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FROM CALDERON'S CISMA
D'INGLATERRA

Translated by Medwin, with aid from
Shelley.

1898 ch.

Till kindle in that monumental fire
His sunflower wings their own funereal
pyre?

My heart, its wishes trembling to unfold, Thus round the rose and taper hovering came;

And Passion's slave, Distrust, in ashes cold

Shelley's contributions are printed in Roman type, Medwin's portion in italics. Hast thou not seen, officious with delight, Move through the illumined air about the flower

Smothered awhile, but could not quench, the flame;

The bee, that fears to drink its purple | Till Love, that grows by disappointment light,

bold,

Lest danger lurk within that rose's

And Opportunity, had conquered
Shame,-

bower?

Hast thou not marked the moth's enam- And like the bee and moth, in act to close, oured flight I burnt my wings, and settled on the

About the taper's flame at evening hour,

rose.

NOTES

Page 15.

Throughout this varied and eternal world,

etc.

In Shelley's edition there is a comma after element and a full stop at remained. Mr. Tutin proposed the emendation.

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Page 95.

The Revolt of Islam.

44

To restore the text of Laon and Cythna it will be necessary to make the following changes in The Revolt of Islam. At the close of Preface, p. 99, add as follows:In the personal conduct of my Hero and Heroine, there is one circumstance which was intended to startle the reader from the trance of ordinary life. It was my object to break through the crust of those outworn opinions on which established institutions depend. I have appealed therefore to the most universal of all feelings, and have endeavoured to strengthen the moral sense, by forbidding it to waste its energies in seeking to avoid actions which are only crimes of convention. It is because there is so great a multitude of artificial vices that there are so few real virtues. Those feelings alone which are benevolent or malevolent, are essentially good or bad. The circumstance of which I speak was introduced, however, merely to accustom men to that charity and toleration which the exhibition of a practice widely differing from their own has a tendency to promote.1 Nothing indeed can be more mischievous than many actions, innocent in themselves, which might bring down upon individuals the bigoted contempt and rage of the multitude."

P. 118, c. 11. st. xxi. l. 1:

"I had a little sister, whose fair eyes"

P. 119, c. II. st. xxv. l. 2:

"To love in human life, this sister sweet,"

1 The sentiments connected with and characteristic of this circumstance have no personal reference to the Writer. [Shelley's note.]

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P. 201, c. XII. st. xii. 11. 6-8:

"Will I stand up before God's golden throne,
And O Lord, to thee did I betray
cry,

An Atheist; but for me she would have

known

Page 151.

Beneath whose spires which swayed in the red flame

P. 205, c. XII. st. xxix. l. 4:

"In torment and in fire have Atheists gone;" The emendation is Mr. Forman's. P. 205, c. XII. st. xxx. 1. 4: "How Atheists and Republicans can die;"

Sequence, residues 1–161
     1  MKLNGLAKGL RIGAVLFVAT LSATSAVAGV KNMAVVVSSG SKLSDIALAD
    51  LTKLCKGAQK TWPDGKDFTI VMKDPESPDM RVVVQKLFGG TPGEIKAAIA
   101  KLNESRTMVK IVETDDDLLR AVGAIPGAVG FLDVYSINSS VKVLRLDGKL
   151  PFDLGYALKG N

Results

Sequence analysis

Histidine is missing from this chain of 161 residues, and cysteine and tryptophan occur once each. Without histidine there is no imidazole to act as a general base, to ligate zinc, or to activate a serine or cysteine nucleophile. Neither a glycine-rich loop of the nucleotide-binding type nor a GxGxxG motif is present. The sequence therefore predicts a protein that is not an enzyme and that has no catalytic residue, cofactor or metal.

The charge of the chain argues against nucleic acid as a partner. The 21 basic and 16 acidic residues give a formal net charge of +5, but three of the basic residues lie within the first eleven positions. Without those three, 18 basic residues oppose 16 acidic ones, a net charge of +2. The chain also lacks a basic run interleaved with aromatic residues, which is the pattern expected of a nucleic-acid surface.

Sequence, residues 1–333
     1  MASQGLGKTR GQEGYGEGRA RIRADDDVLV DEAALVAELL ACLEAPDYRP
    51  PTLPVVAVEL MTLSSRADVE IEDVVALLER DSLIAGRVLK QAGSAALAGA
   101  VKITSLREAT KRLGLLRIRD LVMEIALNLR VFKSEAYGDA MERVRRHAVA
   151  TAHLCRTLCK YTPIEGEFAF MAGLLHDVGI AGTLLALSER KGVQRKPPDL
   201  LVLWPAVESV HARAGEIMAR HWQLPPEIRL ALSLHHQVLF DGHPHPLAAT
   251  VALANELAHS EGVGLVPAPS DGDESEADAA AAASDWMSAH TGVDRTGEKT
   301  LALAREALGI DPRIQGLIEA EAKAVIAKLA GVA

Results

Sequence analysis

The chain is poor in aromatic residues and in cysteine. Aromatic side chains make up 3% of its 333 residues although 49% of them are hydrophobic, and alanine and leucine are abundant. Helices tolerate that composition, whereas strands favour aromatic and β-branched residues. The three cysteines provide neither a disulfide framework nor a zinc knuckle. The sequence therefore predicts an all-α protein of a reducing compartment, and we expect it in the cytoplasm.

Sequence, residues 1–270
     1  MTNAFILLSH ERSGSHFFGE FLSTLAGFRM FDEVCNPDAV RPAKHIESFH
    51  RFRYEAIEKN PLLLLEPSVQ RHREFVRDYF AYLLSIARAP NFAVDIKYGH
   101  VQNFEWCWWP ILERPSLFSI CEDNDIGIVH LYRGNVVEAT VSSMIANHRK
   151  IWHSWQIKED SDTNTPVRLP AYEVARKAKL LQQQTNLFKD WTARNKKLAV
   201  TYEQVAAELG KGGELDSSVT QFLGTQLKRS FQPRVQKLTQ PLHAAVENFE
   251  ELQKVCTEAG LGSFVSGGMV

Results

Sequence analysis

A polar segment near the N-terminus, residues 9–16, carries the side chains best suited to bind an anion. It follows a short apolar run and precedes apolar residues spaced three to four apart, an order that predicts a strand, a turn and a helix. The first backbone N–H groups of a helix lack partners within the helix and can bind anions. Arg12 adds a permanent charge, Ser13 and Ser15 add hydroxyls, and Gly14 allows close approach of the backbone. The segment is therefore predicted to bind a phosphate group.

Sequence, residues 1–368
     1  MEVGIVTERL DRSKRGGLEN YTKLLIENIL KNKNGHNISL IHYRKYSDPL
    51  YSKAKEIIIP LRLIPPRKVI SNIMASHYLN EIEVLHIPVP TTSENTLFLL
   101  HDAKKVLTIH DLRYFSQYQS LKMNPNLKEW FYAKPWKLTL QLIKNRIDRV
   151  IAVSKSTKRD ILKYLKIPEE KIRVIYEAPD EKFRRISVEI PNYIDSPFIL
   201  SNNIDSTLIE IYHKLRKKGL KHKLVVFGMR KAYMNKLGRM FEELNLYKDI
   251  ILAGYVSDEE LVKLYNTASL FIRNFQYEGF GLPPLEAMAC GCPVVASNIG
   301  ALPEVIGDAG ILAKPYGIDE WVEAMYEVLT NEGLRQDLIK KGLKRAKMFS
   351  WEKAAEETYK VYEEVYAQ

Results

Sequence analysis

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Page 179.

Words which the lore of truth in lines of flame

This is the reading of Laon and Cythna. The Revolt of Islam has "her mother. There is no authority for her, Mr. Forman says, in Shelley's revised copy.

Shelley's edition reads "lines of grace."

Page 202. Near me, among the snakes. had fled

Shelley's edition reads "When then." The emendation is Mr. Forman's.

Page 206.

When the broad sunrise filled with deepening gold

When there

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Page 173.

And Hate is throned on high with Fear editions, now evermore. his mother,

Page 210.

Of an ancestral name the orphan chief, In So in Mrs. Shelley's later editions. the Posthumous Poems there is a full stop after chief.

Page 213.

And sweet and subtle talk they evermore
So in the Posthumous Poems; in later

44

Page 220.

And down my cheek the quick tears ran
Mr. Rossetti reads "fell" for "ran."

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Shelley's edition has "reigns down," which Mr. Forman defends.

Page 273.

Which in the winds and on the waves doth move,

The word and, introduced here by Mr. Rossetti, is wanting in Shelley's edition.

Page 274.

And clung to it; tho' under my wrath's night

Page 277.

Than all thy sisters, this is the mystic shell;

Mrs. Shelley omits the word " is."

Shelley's edition reads "wrath's might." Mrs. Shelley made the correction.

Page 282.

Of those who were then conquerors: mouldering round

Mr. Rossetti removes the colon after 'conquerors," and puts a full stop after 44 round."

Page 270.

Page 290.

Withering in destined pain: but who Darting from starry depths radiance and

rains down

life, doth move,

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Page 283.

The loathsome mask has fallen, the man remains, etc.

Mr. Rossetti reads

"The loathsome mask has fallen. The
man remains, -
Sceptreless, free, uncircumscribed, but

man:

Equal, unclassed, tribeless, and nationless, Exempt from awe, worship, degree, the king

Over himself; just, gentle, wise: but

man.

Passionless? no:-yet free from guilt or pain,-"

Page 287.

Purple and azure, white, and green, and golden,

The "and" before "green" is due to Mr. Rossetti.

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